You are here
China nearing overhaul of big 3 telecom leadership
[BEIJING] China is close to reorganizing the leadership of its three main telecommunications companies as the government prepares to revamp the industry, people familiar with the matter said.
The chairman of China Mobile Ltd's parent company, Xi Guohua, will retire and be replaced by Ministry of Industry and Information Technology Vice Minister Shang Bing, the people said, asking not to be identified because the information hasn't been made public.
There also will be high-level personnel changes at the state-owned parents of China Unicom (Hong Kong) Ltd and China Telecom Corp Ltd, the people said.
Shares in all three companies rose Friday. China Telecom surged 6.9 per cent, the most in four months, to HK$4.65. China Unicom climbed 3.2 percent to HK$10.82. China Mobile gained 2.2 per cent to HK$100.30.
The moves come as China plans for its biggest overhaul of state-owned enterprises since the late 1990s to bolster an economy that's headed for its slowest pace of growth in 25 years.
China Unicom Chairman Chang Xiaobing skipped a post- earnings press conference in Hong Kong on Friday to attend an important meeting in Beijing, President Lu Yimin told reporters without elaborating.
Mr Lu added that the company had not received any notice about management changes. Chang is also chairman of the listed company's state-owned parent.
Representatives at China Mobile and China Unicom said earlier they had no information to share on any management changes, while China Telecom spokesman Jacky Yung wasn't immediately available to comment. The information ministry, which oversees the telecommunications industry, said it couldn't comment.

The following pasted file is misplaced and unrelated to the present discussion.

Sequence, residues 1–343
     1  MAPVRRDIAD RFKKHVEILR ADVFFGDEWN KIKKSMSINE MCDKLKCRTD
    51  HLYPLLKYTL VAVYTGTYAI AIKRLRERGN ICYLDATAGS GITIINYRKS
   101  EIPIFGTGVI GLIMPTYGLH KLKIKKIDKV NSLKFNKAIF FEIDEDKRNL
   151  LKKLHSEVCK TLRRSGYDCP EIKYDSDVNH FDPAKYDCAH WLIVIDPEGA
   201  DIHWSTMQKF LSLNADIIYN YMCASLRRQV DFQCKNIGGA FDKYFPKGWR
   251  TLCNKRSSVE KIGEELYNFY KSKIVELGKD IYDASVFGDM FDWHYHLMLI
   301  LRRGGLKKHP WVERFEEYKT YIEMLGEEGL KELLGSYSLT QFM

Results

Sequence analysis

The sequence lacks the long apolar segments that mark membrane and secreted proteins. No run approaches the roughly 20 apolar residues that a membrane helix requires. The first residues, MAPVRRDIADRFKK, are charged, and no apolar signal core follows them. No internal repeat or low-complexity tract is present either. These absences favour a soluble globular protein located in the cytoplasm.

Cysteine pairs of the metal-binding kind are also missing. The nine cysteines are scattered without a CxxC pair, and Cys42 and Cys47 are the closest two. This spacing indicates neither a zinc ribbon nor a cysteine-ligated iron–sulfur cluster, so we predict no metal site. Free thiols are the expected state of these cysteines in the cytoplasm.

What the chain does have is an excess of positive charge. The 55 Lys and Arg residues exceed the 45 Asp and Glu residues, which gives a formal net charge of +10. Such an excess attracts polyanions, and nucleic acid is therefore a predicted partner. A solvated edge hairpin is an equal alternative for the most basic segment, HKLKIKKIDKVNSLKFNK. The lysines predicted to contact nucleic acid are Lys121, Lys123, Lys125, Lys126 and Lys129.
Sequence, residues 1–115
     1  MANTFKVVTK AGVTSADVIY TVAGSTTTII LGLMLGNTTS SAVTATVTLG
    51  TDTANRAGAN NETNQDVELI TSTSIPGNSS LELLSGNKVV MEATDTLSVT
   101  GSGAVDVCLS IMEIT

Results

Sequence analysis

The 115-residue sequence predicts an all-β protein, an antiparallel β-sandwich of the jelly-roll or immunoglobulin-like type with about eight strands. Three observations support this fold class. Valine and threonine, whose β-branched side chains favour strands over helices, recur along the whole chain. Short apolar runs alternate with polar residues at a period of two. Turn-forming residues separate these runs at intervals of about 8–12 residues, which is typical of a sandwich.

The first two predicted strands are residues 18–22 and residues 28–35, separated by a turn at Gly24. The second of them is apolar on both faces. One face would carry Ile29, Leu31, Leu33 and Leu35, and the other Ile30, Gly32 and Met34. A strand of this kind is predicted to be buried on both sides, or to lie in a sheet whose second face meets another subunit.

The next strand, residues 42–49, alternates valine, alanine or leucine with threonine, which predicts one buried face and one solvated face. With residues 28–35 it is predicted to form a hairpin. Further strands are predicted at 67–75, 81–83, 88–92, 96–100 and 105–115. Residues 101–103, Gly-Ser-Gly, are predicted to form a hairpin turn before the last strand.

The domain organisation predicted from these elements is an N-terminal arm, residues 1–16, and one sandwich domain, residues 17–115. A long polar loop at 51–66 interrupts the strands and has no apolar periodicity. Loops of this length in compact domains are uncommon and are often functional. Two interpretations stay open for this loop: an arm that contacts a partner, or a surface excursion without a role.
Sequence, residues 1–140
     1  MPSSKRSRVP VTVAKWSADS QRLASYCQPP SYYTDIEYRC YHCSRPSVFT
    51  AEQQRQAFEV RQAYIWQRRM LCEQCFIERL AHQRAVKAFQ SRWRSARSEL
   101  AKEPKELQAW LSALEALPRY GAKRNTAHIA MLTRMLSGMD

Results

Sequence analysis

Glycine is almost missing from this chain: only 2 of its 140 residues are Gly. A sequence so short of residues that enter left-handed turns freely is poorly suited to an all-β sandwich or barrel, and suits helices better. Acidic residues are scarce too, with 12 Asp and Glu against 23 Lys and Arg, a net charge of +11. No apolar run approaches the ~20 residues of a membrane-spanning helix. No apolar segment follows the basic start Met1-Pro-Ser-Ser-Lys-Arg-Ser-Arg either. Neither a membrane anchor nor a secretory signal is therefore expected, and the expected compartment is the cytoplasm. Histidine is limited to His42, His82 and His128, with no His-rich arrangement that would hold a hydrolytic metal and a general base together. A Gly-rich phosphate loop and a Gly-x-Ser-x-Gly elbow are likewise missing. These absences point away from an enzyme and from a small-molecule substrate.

As part of that effort, China's three telecommunications giants last year agreed to combine their phone tower assets into a holding company. The deadline for that asset injection is the end of October, China Unicom Chief Financial Officer Li Fushen told reporters on Friday.
As head of China Mobile, the world's biggest wireless carrier, Shang would take over a company with more than 800 million customers. The company this week reported its first quarterly profit increase in two years as government-mandated cuts in handset subsidies and growth in mobile Internet usage boosted margins.
The nation's carriers are facing competition from over-the- top services that bypass traditional voice and short-message offerings, while at the same time equipment and handset makers are seeking to enter the mobile operator business, China Mobile said Thursday during its earnings release.
China Tower Co, the state venture that will take over the three operators' mobile phone towers, is said to plan a sale of as much as a 20 per cent stake in a private placement, raising as much as 60 billion yuan ($9.4 billion), people with knowledge of the matter said in July.
Tower consolidation will boost efficiency as carriers roll out faster networks, they said last year.